I awoke super early on the 9th, to make my early, early flight out of Raleigh-Durham, because I was flying Delta, naturally a layover in of all places, Atlanta stood in my way of getting to Tampa. But upon arriving in Tampa, I was disappointed to see that the skies were gray and unpromising, but then I realized that the Trop is indoors, and that the rain shouldn't be an issue. I picked up my rental car, and with time not really on my side this afternoon, made the drive down I-275 into St. Pete's.
Despite the fact that the signs pointing to the Trop said one thing, I still followed GPS, which put me onto I-175 for a brief moment. I'm the jerk on the road who tries to take pictures while driving, and here is the Trop while steering left onto the ramp of I-175.
You guys want to know what really sucked? Time. It was not on my side this afternoon, and the bottom line is that I really wanted to try some restaurants
or find some hookers from the places you guys suggested, but the car rental place was a little slow, and the weather, sure it might not affect the game, but it would certainly affect my standby flying and getting back to Atlanta. So, pretty much, as soon as I got to St. Pete's, it was about 45 minutes until game time, and I had no idea what the parking situation was going to be like, or the lines for tickets, etc.
I wish I asked what the Trop cost to park, because the $15 cost kind of caught me off guard. Not that I'm not capable of paying it or anything, but I suppose I was expecting less from a place that used to be, well free, four people or not. Atlanta is $12 to park, and Philadelphia is $10. St. Petersburg doesn't exactly strike me as Seattle ($35), Washington ($20) or Boston ($115), so I guess I was just a little blindsided there.
I walked around the entire park vicinity, and couldn't find a single scalper, either. I found several people looking for tickets, but not a single person scalping them. So, now a sweaty mess, I made my way to the box office, where surreptitiously, most of the ideal seats I would've wanted were already gone, so I had to settle for something upper-deck. No big deal, I wasn't planning on doing a whole lot of sitting anyway.
Love the old school lineup boards outside. I had no idea who would be pitching this game prior to getting here, and seeing a matchup of Roy Halladay vs. David Price made me feel like I lucked out immensely. Seriously, I couldn't have stumbled upon a better pitching matchup than this one.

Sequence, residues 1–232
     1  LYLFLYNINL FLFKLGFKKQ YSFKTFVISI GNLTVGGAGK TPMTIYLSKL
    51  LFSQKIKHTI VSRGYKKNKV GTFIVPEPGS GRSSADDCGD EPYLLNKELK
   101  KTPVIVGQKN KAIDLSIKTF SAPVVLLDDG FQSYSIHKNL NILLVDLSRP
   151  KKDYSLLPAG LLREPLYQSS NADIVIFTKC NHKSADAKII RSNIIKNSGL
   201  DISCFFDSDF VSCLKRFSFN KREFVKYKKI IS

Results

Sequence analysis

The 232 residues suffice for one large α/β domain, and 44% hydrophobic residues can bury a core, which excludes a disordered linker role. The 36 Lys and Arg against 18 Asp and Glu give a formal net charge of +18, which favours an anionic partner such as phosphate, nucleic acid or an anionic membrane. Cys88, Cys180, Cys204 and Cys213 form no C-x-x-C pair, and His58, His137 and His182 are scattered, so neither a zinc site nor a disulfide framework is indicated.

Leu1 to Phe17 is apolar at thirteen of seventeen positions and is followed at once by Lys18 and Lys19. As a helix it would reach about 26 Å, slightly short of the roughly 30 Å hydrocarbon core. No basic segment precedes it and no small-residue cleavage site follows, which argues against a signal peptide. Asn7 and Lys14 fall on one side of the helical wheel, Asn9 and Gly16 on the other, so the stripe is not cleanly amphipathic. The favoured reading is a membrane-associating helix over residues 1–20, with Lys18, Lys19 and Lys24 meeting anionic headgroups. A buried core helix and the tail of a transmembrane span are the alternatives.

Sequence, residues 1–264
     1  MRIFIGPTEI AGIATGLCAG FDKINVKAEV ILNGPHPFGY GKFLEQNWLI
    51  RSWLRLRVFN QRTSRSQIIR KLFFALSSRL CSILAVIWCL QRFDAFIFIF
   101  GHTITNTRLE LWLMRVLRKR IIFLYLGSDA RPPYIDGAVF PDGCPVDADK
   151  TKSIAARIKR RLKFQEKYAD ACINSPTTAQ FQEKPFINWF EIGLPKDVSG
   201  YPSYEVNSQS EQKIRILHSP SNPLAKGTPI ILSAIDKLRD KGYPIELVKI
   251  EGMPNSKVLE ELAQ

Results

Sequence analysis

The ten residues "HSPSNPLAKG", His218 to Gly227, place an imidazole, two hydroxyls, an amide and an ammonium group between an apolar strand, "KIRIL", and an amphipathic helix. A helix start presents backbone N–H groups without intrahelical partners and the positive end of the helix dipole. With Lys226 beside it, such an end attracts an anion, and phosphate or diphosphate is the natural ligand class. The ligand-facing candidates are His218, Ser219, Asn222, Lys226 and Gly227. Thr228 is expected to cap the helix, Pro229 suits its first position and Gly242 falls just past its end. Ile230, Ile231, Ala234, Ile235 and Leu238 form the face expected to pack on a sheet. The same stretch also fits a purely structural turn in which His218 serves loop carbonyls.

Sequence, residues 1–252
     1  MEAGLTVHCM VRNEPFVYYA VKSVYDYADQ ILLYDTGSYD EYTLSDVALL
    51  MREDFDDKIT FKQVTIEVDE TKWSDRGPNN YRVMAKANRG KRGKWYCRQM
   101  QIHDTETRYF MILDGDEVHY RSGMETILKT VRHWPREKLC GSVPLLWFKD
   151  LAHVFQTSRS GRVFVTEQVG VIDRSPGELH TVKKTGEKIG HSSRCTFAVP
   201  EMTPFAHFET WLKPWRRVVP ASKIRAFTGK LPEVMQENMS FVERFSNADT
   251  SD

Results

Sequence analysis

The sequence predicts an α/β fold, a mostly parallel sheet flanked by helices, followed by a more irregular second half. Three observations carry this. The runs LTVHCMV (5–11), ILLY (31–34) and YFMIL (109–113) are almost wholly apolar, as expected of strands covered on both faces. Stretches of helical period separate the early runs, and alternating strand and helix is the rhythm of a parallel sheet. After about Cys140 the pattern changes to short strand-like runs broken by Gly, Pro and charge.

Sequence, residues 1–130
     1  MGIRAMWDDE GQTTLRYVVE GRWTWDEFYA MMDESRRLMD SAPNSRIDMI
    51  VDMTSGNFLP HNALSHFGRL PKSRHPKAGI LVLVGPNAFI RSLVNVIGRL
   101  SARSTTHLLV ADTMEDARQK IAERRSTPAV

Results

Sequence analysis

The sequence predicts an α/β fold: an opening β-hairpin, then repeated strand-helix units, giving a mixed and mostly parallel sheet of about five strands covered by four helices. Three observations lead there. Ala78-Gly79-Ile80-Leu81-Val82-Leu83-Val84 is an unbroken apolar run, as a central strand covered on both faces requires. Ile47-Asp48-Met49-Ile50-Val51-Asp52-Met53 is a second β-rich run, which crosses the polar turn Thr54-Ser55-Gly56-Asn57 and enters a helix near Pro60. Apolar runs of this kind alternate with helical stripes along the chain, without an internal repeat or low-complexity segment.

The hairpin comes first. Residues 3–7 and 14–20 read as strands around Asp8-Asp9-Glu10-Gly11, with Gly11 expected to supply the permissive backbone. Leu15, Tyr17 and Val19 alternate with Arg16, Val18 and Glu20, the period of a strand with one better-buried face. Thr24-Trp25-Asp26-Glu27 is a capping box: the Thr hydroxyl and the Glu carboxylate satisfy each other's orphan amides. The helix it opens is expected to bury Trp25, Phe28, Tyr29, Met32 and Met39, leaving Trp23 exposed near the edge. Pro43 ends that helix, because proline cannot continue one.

I did however, take the advice to see the Ted Williams Museum. Not a whole ton of "history" to be had from a team as young as the Devil Rays and Rays, but still a pleasant walk through some nice visuals (and air-conditioning).
If any of you guys are the least bit curious to why I took this photograph, you need to read more, or watch more Robert Redford movies. Or at least, look at my username. This, made me immensely thrilled to see, and quite possibly might've been the best thing I saw at the Trop.
I don't know what they're called down in St. Pete's, but the ones in Atlanta are quite resentful if you refer to them as "the Braves cheerleaders." Kinda cute, but I was more amused by the "VOTE FOR LOS" t-shirts that they, and all the staff were wearing. A little bit of a shame, because I totally dig chicks in jerseys. But I did try to bribe a few Trop employees, and offered $20 to several of them if I could have their VOTE FOR LOS shirt. Unfortunately, none of them bit.
I was amused by the sheer amount of stairs everywhere in the Trop's outfield seats. Architecturally, the Trop is definitely one of the more uniquely laid out parks I've seen. But climbing stairs to get into the bathroom? Man, I really feel bad for those who ate something kind of rough, and suddenly have to run down a flight of stairs, only to have to turn and run up some more stairs, all while clenched like a clam.
The big, uh, Rays guy coming out of the wall. Totally inadvertent, but the ceiling light looks kind of like the ball that he's apparently diving out for.
I enjoyed the comic strip-style artwork on the walls. Stan the Man Musial was my favorite one. Obviously, I took this shot while waiting in line for the Rays Touch Tank.
If it's not obvious already, I'm a big fan of the really unique things about every ballpark. I think the Rays Touch Tank is easily the most unique thing about the Trop. As a enthusiast of aquatic life (I have a 60 gallon saltwater tank), this was an awesome experience, and I've touched rays before, but never fed them; I was very amused by the way they kind of just hoover the food, and you barely momentarily see a mouth, as the sardine heads just vanish from your fingers. And if it's not evidenced by the photo above, I was probably the oldest kid there, surrounded by throngs of youths.
David Price, warming up in the bullpen. The worst part about most of the experience was the fact that the domed off sky and artificial lights were really messing with the way my piddly point-and-shoot handles the light, and often times can't tell whether a flash is suggested or not, and warning me of blurry images. But a photo is one thing, but watching a phenom like Price work is always a pleasure.
Okay, I'm not going to BS you guys - the Trop is full of more gimmicks, more games, and more distraction than I've ever seen at any of the other parks I've been to thusfar. I'm theorizing a lot of it has to do with the demographic, which I noticed is very, very heavyily leaned towards children, so that's fine and all, but for guys like me who really still care about the baseball in the end, it's a little much, just walking around the Trop.
But I suppose since I apparently walked in the opposite direction, I totally missed this little dlclaimer. So it was themed all along - I guess I can't complain.